is Workplace Bullying and Who is Affected?*
Workplace bullying refers to
repeated, unreasonable actions of individuals (or a group) directed
towards an employee (or a group of employees), which are intended to
intimidate, degrade, humiliate, or undermine; or which create a risk to
the health or safety of the employee(s).
Workplace bullying often
involves an abuse or misuse of power. Bullying behavior creates feelings
of defenselessness and injustice in the target and undermines an
individual’s right to dignity at work.
Bullying is different from
aggression. Whereas aggression may involve a single act, bullying involves
repeated attacks against the target, creating an on-going pattern of
behavior. “Tough” or “demanding” bosses are not necessarily
bullies as long as they are respectful and fair and their primary
motivation is to obtain the best performance by setting high yet
reasonable expectations for working safely. Workplace bullying can be
instigated by coworkers, supervisors, contract workers, or labor
Some bullying situations
involve employees bullying their peers, rather than a supervisor bullying
an employee. The term mobbing refers to a group of coworkers targeting
another worker. Supervisors should intervene immediately to address and
stop mobbing behaviors.
In a prevalence study of U.S.
workers, 41.4% of respondents reported experiencing psychological
aggression at work in the past year representing 47 million U.S. workers (Schat,
Frone & Kelloway, 2006). The research found that 13%, or nearly 15
million workers, reported experiencing psychological aggression on a
Unwarranted or invalid
Blame without factual
Being treated differently
than the rest of your work group
Being sworn at
Exclusion or social
Being shouted at or being
Excessive monitoring or
Being given work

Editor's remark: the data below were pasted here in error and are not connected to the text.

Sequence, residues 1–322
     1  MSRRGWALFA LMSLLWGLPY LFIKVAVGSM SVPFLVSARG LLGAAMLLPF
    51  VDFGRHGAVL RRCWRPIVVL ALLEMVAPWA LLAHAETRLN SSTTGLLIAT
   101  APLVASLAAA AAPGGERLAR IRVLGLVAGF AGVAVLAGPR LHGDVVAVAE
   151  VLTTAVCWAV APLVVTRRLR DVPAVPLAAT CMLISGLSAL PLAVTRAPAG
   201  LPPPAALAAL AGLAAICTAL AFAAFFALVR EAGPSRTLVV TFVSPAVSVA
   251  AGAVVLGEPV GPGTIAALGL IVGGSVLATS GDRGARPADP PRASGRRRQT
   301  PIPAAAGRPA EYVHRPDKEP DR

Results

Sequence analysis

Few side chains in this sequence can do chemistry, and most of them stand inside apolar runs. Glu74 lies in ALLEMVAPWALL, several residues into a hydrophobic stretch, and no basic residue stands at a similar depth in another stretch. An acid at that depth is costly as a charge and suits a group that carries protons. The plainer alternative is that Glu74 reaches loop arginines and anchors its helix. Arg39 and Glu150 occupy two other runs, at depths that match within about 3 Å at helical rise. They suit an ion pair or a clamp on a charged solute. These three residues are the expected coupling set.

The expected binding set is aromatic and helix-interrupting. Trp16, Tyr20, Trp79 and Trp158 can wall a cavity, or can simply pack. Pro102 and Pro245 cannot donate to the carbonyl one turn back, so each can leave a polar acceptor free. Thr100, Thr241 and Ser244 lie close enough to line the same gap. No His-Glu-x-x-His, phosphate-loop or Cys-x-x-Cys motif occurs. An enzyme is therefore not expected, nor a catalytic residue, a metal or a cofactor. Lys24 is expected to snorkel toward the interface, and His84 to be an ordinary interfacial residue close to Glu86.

is corporate/institutional bullying?
bullying occurs when bullying is entrenched in an organization and becomes
accepted as part of the workplace culture.
bullying can manifest itself in different ways:
expectations on employees, where failure to meet those expectations
means making life unpleasant (or dismissing) anyone who objects.
suffering from stress as “weak” while completely ignoring or
denying potential work-related causes of the stress.
Encouraging employees to
fabricate complaints about colleagues with promises of promotion or
threats of discipline.
Signs of corporate and
institutional bullying include:
Failure to meet
Increased frequencies of
grievances, resignations, and requests for transfers.
Increased absence due to
If you are aware of bullying
in the workplace and do not take action, then you are accepting a share of
the responsibility for any future abuses. This means that witnesses of
bullying behavior should be encouraged to report any such incidences.
Individuals are less likely to engage in antisocial behavior when it is
understood that the organization does not tolerate such behavior and that
the aggressor is likely to be punished.
that Increase the Risk for Bullying Behavior:
change (i.e., major internal restructuring, technological change).
(e.g., age, gender, parental status, apprentice or trainee).
(e.g., inadequate information flow between organizational levels, lack
of employee participation in decisions.)
Work systems (e.g., lack
of policies about behavior, high rate and intensity of work, staff
shortages, interpersonal conflict, organizational constraints, role
ambiguity, and role conflict.)
bullying affects people:
Targets of bullying experience
significant physical and mental health problems:
Work withdrawal and
Sleep and digestive
Family tension and stress
post-traumatic stress disorder (PTSD)
Financial problems due to
bullying affects organizations:
Each of the individual
consequences listed above can be very costly for the organization. Costs
of bullying generally fall into three categories:
1. Replacing staff members
that leave as a result of being bullied, cost of training new employees.
2. Work effort being displaced
as staff cope with bullying incidents (i.e., effort being directed away
from work productivity and towards coping).
3. Costs associated with
investigations of ill treatment, potential legal action and loss of
Bullies do not run good
organizations; staff turnover and sick leave will be high while morale and
productivity will be low. Stress, depression and physical health problems
result in time away from work that is costly in terms of workers’